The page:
52 minutes ago
- From the section UK
To what extent was the murder of Glasgow shopkeeper Asad Shah inspired by the killing of a politician in Pakistan five years ago? And what does this mean for the UK?
CCTV images of the moments just before the murder of Glasgow shopkeeper Asad Shah show his killer, Tanveer Ahmed, angrily remonstrating with him.
Ahmed was incensed by YouTube videos Shah had made in which he claimed to be a prophet. Ahmed saw this as blasphemy that needed to be punished. He travelled to Scotland from his home in Bradford, then stabbed and beat his victim to death.
Ahmed was sentenced to a minimum of 27 years in jail – but appears completely unrepentant.
In statements released in court Ahmed makes it clear he sees himself as defending the “honour” of the prophet Muhammad. I met friends of his in Bradford who told me they sympathised with his motivation even if they didn’t completely agree with his actions.
In carrying out the killing Ahmed was emulating the actions of another murderer whom he idolised – Mumtaz Qadri.
Qadri killed a prominent Pakistani politician called Salman Taseer in January 2011 for trying to reform the country’s controversial blasphemy laws.
Qadri was executed in February 2016, but was seen by many in Pakistan as a kind of hero for – in their view – defending Islam. Qadri also had numerous supporters in Britain – including Ahmed.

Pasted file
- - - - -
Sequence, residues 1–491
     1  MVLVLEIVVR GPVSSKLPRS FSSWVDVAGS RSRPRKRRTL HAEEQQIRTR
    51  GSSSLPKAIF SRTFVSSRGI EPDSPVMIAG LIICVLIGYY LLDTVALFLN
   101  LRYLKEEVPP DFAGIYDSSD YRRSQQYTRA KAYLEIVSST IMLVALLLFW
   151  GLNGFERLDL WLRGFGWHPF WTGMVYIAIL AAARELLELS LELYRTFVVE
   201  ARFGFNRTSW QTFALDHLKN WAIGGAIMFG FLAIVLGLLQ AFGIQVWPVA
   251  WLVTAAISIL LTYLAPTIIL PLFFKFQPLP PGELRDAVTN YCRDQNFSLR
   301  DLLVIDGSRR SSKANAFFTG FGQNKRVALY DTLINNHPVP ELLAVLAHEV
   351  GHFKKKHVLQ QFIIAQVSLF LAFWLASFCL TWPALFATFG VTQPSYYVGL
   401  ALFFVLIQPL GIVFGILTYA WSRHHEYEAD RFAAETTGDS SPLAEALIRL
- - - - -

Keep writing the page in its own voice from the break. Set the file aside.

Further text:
Qadri’s brother in Pakistan told me that Ahmed used to write letters to Qadri whilst Qadri was awaiting execution. And Ahmed even called Qadri’s brother after committing the murder in Glasgow to boast about it.
Ahmed’s close links to Mumtaz Qadri have shone a light on support for the Pakistani killer in Britain. Few are willing to openly praise Ahmed and the killing in Glasgow – but after Mumtaz Qadri was executed in February a number of British mosques held ceremonies in honour of Qadri – and some imams praised him as a “martyr” and a “warrior”.
For Shaan Taseer, the son of Mumtaz Qadri’s victim, hearing not only that some in Britain were praising his father’s killer, but that one of his admirers had murdered someone – emulating his example – is a bitter blow.